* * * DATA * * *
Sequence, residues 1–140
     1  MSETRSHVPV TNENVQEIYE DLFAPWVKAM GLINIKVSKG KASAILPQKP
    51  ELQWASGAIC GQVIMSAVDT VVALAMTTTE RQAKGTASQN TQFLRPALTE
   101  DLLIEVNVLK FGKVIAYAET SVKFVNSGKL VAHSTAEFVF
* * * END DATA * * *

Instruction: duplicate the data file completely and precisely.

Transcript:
Sequence, residues 1–140
     1  MSETRSHVPV TNENVQEIYE DLFAPWVKAM GLINIKVSKG KASAILPQKP
    51  ELQWASGAIC GQVIMSAVDT VVALAMTTTE RQAKGTASQN TQFLRPALTE
   101  DLLIEVNVLK FGKVIAYAET SVKFVNSGKL VAHSTAEFVF